2016 Tesla Model X: Autopilot Day and Night
by Travis Langness, Automotive Editor on June 24, 2016
A few editors have tested the Autopilot feature in our long-term 2016 Tesla Model X and have generally spoken its praises. Office musings of the Model X's "best adaptive cruise system currently available" and the potential of a hands-free commute is pretty enticing. Clearly, I wanted to test it out for myself. So, with four passengers on a short trip to and from Dodger Stadium, I set the Model X loose.
The trip to the stadium was in daylight among heavy traffic. I engaged the adaptive cruise control (ACC) and eventually the Autopilot feature (tap the cruise control stack four times quickly and you get Autopilot plus the cute Mario-Kart-rainbow-road display/easter egg).
The ACC worked well, keeping the Tesla centered in the lane and impressing my passengers. One of its foibles, though, was a tendency to stop a bit late when traffic came to a halt. The Tesla would hit the brakes hard when it realized it had been following too close, thrusting passengers forward in their seats.
Increasing the ACC's following distance was an easy fix. I moved it from a one-car distance to a three-car following distance and braking became much more gradual. Unfortunately, lots of LA drivers take advantage of that space and cut you off. It's hard to find a good middle ground, but all things considered, the system worked really well. I'd use it for that kind of thick, daylight traffic every day.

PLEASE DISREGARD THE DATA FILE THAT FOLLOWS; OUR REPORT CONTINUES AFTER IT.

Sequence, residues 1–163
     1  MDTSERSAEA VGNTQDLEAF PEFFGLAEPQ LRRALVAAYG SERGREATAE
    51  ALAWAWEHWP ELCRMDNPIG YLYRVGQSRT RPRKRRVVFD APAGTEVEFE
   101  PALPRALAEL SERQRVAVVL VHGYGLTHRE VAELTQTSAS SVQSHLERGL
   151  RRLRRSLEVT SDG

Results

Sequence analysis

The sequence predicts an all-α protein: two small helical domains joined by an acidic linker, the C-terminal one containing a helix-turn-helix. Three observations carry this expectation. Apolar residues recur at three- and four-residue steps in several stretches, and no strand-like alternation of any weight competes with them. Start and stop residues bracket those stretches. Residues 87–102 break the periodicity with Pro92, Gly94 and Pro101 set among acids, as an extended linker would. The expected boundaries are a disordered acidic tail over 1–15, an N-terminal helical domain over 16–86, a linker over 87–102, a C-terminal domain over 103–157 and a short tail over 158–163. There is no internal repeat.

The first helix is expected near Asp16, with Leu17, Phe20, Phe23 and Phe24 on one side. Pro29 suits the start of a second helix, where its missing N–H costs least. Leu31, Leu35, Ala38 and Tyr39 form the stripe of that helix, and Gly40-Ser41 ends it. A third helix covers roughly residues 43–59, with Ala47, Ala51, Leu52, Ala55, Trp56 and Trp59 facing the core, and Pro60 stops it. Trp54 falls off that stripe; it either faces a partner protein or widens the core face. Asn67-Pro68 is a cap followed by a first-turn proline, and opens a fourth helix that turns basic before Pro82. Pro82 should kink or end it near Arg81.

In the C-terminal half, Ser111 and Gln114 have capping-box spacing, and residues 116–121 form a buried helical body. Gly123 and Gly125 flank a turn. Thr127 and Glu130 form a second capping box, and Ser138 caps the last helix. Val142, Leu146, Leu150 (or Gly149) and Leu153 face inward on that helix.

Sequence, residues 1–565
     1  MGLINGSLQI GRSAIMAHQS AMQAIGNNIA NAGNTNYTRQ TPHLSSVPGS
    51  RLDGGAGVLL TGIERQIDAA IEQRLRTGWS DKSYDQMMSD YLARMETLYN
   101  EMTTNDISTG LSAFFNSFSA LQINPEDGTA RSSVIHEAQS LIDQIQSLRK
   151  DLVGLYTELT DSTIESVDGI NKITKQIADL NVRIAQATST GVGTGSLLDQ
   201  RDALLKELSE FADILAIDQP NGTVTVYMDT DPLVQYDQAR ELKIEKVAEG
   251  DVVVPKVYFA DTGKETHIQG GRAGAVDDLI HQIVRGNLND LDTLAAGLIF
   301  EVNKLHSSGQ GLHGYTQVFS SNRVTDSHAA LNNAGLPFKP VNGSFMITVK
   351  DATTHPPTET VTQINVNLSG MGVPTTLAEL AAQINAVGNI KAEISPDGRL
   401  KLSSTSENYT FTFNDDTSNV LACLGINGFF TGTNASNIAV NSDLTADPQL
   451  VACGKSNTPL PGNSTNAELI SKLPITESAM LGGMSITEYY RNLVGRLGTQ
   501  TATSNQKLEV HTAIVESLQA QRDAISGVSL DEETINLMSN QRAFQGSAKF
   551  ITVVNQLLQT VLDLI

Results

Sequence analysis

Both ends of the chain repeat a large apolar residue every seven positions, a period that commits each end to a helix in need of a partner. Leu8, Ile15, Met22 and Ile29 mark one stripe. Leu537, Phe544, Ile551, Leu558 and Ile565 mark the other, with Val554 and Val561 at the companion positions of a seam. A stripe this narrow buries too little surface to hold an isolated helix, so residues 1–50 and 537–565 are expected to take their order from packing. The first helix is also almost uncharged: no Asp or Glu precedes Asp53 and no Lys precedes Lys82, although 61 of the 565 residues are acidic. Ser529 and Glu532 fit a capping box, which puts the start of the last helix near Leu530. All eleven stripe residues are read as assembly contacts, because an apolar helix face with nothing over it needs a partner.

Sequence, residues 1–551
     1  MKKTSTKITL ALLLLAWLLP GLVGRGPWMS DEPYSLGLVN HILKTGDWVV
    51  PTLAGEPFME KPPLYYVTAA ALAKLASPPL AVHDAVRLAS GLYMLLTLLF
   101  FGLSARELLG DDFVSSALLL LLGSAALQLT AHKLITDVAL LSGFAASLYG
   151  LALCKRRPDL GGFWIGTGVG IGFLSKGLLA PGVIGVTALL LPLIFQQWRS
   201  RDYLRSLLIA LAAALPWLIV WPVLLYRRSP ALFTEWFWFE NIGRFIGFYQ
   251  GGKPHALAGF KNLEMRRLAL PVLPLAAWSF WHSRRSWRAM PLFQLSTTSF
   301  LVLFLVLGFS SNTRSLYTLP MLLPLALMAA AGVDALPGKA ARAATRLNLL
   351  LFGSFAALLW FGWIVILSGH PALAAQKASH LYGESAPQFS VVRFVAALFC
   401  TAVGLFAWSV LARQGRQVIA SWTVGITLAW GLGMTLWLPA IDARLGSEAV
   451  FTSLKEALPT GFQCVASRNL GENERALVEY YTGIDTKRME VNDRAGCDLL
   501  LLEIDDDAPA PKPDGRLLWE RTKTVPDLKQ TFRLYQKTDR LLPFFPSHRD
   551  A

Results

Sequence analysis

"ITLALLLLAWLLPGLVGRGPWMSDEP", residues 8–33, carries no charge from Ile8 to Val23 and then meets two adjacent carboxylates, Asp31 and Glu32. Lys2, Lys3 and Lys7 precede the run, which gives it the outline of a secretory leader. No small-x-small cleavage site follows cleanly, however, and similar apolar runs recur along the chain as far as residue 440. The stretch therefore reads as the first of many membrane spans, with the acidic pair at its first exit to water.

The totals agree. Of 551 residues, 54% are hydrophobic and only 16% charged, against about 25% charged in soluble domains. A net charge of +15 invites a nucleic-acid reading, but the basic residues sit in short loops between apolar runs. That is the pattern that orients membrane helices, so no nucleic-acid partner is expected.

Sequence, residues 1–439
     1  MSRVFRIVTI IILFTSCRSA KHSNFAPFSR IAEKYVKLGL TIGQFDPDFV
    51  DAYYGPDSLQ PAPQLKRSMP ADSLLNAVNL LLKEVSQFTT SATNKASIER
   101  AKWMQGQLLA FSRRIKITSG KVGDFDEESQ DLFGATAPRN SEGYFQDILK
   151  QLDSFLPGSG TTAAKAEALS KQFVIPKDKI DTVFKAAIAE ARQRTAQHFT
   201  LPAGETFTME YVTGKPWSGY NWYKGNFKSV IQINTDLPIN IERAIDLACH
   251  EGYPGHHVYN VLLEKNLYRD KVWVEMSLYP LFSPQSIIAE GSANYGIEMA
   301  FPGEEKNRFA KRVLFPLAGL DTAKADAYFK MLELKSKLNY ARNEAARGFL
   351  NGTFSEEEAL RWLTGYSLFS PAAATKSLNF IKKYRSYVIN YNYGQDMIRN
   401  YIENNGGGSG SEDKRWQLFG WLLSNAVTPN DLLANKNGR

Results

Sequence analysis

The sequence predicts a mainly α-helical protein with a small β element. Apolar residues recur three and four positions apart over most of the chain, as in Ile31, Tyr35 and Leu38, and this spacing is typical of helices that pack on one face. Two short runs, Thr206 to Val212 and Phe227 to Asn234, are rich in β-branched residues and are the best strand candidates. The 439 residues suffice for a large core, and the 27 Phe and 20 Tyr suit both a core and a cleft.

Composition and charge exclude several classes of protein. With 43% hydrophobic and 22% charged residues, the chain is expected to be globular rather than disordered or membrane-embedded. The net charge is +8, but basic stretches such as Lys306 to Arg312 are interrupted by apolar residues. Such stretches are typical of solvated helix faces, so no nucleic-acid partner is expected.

On the way home from the baseball game, though, things were much, much worse.
At night, the Autopilot system becomes confused, wayward and pretty much useless. It drifts the Tesla into other lanes (especially around curves) and doesn't spot pedestrians or curbs well. I felt I had to intervene several times to avoid bodily injury or property damage. Then I decided to completely turn the system off so the car wouldn't cut off another driver or creep over into another lane.
ACC and Autopilot worked much better with more cars around and I imagine that's because of the light they cast on the road and the reference frames they provide. But with less traffic, the Model X seemed to be driving a bit blind, unable to see what was ahead and clearly unable to react to what it couldn't see.
Autopilot is not a "take your hands off the wheel and let the car drive you home" system, especially in the dark. It can do an acceptable job of getting you from on-ramp to off-ramp on roads with good markings, during daylight hours. But that's a lot of conditionals. Based on my experience, I'm leery about relying on this system on the freeway at night.
Is it impressive? Absolutely. Is it finished tech? Nope.
Travis Langness, Automotive Editor @ 4,350 miles